In addition to the auditorium, the temple also houses a number of other rooms and facilities that are available for rent. These include a ballroom, a dining hall, and several smaller meeting rooms.
A vast library is tucked away here
One of the most impressive features of the Salt Lake City Masonic Temple is its library. The library is home to a vast collection of books, manuscripts, and other materials related to Masonic history and philosophy. The library’s collection includes rare and valuable books that are not available anywhere else, making it a must-visit destination for scholars and researchers.
The temple’s museum is also a fascinating place to visit. The museum houses artifacts related to Masonic history, including regalia, furniture, and other items. Visitors can learn about the history of the Masonic fraternity and its impact on society, as well as the role that the Masons have played in shaping the history of Salt Lake City and the state of Utah.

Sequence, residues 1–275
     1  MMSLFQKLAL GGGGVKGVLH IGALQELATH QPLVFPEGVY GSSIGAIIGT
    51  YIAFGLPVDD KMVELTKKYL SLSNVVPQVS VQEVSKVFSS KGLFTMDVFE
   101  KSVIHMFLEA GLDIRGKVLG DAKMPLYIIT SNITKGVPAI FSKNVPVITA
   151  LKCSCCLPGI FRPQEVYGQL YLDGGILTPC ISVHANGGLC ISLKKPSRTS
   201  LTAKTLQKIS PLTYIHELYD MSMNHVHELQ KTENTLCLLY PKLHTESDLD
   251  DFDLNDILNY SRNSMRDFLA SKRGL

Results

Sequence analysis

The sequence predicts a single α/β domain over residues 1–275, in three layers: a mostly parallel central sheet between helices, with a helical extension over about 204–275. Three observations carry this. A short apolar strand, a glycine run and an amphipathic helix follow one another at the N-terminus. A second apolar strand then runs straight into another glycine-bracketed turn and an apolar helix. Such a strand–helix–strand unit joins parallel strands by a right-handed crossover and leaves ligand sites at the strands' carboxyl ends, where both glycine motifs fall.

Masonic Temple faced demolition
The Masonic Temple is grand. That is evident from the bottom of one of the most striking sets of stairs I have ever seen. Make no mistake, hard times have fallen on this national treasure too. In the 1980s, the temple was in danger of being demolished to make way for a new office building. However, a group of concerned citizens rallied to save the temple, and it was added to the National Register of Historic Places in 1987.
Since then, the temple has undergone renovations and restorations to ensure it remains a vital part of Salt Lake City’s cultural landscape. If you’re interested in history and architecture, the Salt Lake City Masonic Temple is definitely worth a visit. Whether you’re a Mason or simply a curious visitor, the temple’s impressive architecture, fascinating exhibits, and beautiful surroundings are well worth the time.
If you have questions about homes in any community surrounding the Salt Lake City Masonic Temple, please call or text me at 801-673-3333.